Saturday, 16 December 2017

100V line: Using a normal hifi amp and an 8 ohm speaker

My project for today involved making my standard hifi amplifier that is designed to drive an 8 ohm load be capable of driving a 100V speaker line. To do this, it is actually really simple and easy.
100V lines are a lot like how the National Grid works. Electricity is distributed by stepping the voltage up, and then down again, with power transformers to avoid power loss.
This is the same idea in 100V line. A 100V line amplifier is just a normal 8 ohm low impedance amplifier at it's heart, it just has a step up transformer built inside it, whereas a normal hifi amplifier doesn't. You can make a standard hifi amplifier run a 100V speaker line by simply using a 100V line speaker transformer in reverse. You connect where the speaker would normally go to the amplifier outputs, and then you connect the ground of the 100V line input to your speaker line and then the highest tap as the positive of your speaker line. This is basically allowing the transformer to work in reverse.
Each speaker then must have a step down transformer built in. In the picture above, I show a Wharfedale Programme 30D.6 speaker with no transformer built in. In order to use that, you must use an external step down transformer. I did this with a transformer pulled from a speaker that I scrapped recently, and it does work perfectly fine. There is no loss in volume at all.

Wednesday, 6 December 2017

Background music system upgrade - (Part 2): More speaker installations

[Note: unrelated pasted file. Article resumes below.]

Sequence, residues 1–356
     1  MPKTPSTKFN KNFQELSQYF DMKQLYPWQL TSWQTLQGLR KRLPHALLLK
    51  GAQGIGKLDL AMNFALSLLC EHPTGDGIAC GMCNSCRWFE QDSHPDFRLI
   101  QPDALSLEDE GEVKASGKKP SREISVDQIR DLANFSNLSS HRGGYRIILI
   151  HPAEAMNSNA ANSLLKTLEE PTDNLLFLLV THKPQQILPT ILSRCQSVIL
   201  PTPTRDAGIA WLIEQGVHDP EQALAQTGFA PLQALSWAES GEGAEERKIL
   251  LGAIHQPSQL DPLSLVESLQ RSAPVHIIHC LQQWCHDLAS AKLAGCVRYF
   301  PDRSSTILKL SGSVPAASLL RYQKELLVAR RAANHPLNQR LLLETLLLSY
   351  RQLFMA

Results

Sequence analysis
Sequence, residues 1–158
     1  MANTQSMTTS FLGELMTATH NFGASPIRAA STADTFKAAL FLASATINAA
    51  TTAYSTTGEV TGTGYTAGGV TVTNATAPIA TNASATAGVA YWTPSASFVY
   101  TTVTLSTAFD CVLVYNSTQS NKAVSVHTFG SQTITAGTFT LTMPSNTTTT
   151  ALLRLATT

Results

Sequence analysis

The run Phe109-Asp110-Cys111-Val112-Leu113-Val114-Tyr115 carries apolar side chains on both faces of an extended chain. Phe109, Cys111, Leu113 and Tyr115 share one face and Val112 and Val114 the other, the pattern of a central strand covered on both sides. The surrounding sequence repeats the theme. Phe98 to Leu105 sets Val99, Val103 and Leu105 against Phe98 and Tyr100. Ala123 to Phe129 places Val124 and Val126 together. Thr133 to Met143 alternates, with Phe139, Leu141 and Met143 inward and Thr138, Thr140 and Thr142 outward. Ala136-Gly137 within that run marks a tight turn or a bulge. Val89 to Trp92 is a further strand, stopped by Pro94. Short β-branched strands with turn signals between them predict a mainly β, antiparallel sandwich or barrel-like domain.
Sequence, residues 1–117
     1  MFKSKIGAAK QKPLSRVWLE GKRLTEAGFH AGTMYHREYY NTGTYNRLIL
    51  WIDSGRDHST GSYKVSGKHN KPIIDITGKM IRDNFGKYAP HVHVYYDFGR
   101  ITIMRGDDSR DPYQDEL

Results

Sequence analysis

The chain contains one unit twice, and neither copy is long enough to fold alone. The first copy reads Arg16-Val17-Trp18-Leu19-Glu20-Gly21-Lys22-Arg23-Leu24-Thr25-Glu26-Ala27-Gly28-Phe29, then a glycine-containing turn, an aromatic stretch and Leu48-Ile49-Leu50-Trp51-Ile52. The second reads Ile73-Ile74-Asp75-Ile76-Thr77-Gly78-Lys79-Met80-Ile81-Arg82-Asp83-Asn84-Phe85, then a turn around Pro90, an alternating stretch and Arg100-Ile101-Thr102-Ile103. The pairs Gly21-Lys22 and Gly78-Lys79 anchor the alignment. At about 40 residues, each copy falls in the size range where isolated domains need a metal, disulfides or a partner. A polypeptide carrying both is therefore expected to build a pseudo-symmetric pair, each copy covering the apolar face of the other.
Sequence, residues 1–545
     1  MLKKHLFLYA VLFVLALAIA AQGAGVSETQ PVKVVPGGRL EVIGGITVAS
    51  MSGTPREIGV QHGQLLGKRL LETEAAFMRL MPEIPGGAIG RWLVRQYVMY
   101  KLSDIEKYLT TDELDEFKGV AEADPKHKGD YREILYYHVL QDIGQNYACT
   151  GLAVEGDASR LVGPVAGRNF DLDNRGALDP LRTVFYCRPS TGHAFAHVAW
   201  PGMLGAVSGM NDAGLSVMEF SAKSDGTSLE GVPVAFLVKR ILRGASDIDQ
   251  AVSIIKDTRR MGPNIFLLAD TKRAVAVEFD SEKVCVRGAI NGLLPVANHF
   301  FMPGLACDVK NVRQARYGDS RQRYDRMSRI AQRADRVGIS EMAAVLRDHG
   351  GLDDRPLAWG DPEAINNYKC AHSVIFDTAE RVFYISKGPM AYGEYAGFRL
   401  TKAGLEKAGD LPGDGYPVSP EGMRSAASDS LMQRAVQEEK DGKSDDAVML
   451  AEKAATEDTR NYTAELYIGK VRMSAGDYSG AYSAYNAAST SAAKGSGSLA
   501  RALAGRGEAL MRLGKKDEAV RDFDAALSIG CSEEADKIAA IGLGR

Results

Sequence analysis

I found cheap on eBay some Wharfedale Programme 30 speakers. These are used in pubs throughout the UK, including pretty much all of my local pubs that are still open.
My local pubs have changed hands from private landlords, to pub chains, and have been remodelled multiple times. But, the Wharfedales have always remained after being installed in the late 90s! This emphasises the fact how awesome these speakers are, they are an installation classic. They weren't just installed in pubs in my home town of Yorkshire, this was a nation wide thing back in the 90s.
They really do offer a nice warm sound, like JBL, they have a certain sound signature which just simply cannot compete with the cheaper install speaker brands such as Adastra. I bought a pair of these. One will find itself in the kitchen, whereas the other will find itself as a spare for future installation in the system somewhere.
Either way, these speakers are an installation classic, used throughout many pubs. The fact they remain after so many changes of ownership and other renovations, truly represents how awesome they are. The signal sources and the amplification I have noticed has changed over the years, but these always remain.
Note the model Programme 30 in your head, and if you see any (they are rather cheap as they are almost always pulled from pub installs before a pub is knocked down...), get them, they are incredible value for money, and who doesn't want a speaker that was used back when the pub trade was booming in the 90s and early 2000s when things were more exciting than 2017.

Wharfedale Diamond 6R Upgrade Project

These Wharfedale Diamond 6R speakers were manufactured in 1995. These at the time were a budget speaker for around the £200/pair price ran...